No Amount of Drinking Alcohol Is Safe for Brain Health
While most people believe that an occasional drink won’t do them any harm, there are actually a number of ramifications for mental and physical health that can come out of any amount of alcohol consumption. A recent, extensive study of alcohol consumption has confirmed that there is no safe level of alcohol for brain health.
Effects on the Brain’s Gray Matter
A study conducted by researchers from the University of Oxford that involved over 25,000 individuals concluded that there is no safe dose of alcohol for the brain. Scans of the study participants revealed that their drinking, regardless of the amount they consumed, had a negative effect on their brain’s gray matter.
Negatively Associated with Brain Health
The researchers stated that the consumption of alcohol was “linearly and negatively associated with indices of brain health across most of the brain.” Even moderate consumption was associated with adverse effects on the brain, and those who binge drink may be more susceptible to alcohol’s effects.
The researchers advised that the current “low risk” drinking guidelines should be revisited. Adverse effects of alcohol on the brain were no different in study participants who consumed wine, beer, or liquor, indicating that the type of alcohol was not a factor in the negative impact on brain health.
Individuals at Higher Risk
Although all study participants who consumed alcohol in any amount were found to have impacted brain health, certain individuals were at higher risk. Those with characteristics such as obesity, high blood pressure, or binge drinking were more affected. Tony Rao, a visiting clinical fellow in Old Age Psychiatry at King’s College London, stated that “Even at levels of low-risk drinking, there is evidence that alcohol consumption plays a larger role in damage to the brain than previously thought. The (Oxford) study found that this role was greater than many other modifiable risk factors, such as smoking.”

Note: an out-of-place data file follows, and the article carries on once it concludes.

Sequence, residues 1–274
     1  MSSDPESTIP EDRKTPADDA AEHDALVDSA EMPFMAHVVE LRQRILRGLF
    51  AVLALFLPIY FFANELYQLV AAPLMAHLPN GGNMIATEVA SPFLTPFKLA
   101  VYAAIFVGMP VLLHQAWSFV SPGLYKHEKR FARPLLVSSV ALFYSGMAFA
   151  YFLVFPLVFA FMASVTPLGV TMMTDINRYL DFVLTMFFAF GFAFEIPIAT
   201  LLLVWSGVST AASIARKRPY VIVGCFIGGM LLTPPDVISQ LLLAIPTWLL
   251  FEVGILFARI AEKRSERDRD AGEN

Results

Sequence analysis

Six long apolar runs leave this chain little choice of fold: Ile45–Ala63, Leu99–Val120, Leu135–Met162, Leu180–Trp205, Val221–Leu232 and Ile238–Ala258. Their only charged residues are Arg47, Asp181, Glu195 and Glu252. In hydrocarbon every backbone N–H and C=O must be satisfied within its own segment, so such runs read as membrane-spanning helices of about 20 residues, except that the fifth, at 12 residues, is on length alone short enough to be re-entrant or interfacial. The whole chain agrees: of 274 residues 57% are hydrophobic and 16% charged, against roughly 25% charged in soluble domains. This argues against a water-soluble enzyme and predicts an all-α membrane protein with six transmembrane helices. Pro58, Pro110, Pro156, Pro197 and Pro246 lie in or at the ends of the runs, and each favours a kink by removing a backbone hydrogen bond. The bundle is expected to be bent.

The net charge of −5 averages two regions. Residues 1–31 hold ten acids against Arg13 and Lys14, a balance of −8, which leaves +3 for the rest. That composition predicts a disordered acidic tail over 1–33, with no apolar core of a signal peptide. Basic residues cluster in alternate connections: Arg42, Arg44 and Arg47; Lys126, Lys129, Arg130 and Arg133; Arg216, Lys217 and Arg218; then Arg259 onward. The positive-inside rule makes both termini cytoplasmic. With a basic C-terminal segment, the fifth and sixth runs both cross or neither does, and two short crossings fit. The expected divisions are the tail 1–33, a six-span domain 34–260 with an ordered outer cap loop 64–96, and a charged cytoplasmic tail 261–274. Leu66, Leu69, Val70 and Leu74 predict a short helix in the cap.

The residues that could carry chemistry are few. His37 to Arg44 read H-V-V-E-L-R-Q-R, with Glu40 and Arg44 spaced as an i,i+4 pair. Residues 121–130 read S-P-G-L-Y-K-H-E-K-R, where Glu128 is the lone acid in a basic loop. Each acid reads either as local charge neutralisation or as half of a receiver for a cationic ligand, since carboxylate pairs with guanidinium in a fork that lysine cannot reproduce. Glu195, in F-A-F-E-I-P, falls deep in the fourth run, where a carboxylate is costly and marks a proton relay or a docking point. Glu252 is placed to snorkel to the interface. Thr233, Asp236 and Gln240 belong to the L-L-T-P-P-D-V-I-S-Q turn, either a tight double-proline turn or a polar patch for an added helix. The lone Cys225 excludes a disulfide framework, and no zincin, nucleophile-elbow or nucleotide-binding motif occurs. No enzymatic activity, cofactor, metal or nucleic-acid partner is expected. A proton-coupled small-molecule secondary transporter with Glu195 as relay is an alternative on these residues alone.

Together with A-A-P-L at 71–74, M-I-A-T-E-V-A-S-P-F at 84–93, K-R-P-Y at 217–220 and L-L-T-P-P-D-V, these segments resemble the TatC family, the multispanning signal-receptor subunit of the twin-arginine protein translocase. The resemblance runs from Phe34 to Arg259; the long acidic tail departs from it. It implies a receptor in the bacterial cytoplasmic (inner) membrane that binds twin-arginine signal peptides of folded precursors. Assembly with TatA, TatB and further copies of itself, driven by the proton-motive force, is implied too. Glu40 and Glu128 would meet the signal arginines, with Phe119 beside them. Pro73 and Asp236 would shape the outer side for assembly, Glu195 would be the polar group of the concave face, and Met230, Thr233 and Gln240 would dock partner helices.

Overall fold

This most recent research study confirms the findings of a previous study that also determined that no amount of wine, beer, or liquor is safe for overall health. In an analysis of 2016 global alcohol consumption and disease risk, published in The Lancet in 2018, researchers also found that even small amounts of alcohol affected the physical and mental health of the individuals who consumed it.
In the 2018 study, it was reported that alcohol was the leading risk factor for disease and premature death worldwide in women and men between 15 and 49. Alcohol accounted for almost one in 10 deaths, the report stated. Alcohol-related deaths included cardiovascular diseases and cancer, as well as infectious diseases such as tuberculosis, intentional injury related to alcohol consumption including self-harm and violence, and unintentional injuries resulting from alcohol consumption, including fires and drowning.
That study’s senior author Emmanueal Gakidou, a professor at the University of Washington’s Institute for Health Metrics and Evaluation, said, “The most surprising finding was that even small amounts of alcohol use contribute to health loss globally. We’re used to hearing that a drink or two a day is fine. But the best way to keep healthy is never to touch a drop.”
1. ramification n. （尤指最初并不明显的）后果
2. gray matter 头脑；智力；脑部和脊椎的灰色神经组织
3. linearly adj. 成直线地；在线上地
4. index n. 指数
5. binge drink 酗酒；豪饮
6. modifiable adj. 可修饰的；可更改的
7. premature death 过早死亡；早逝
8. cardiovascular adj. 心血管的
9. tuberculosis n. 肺结核；结核病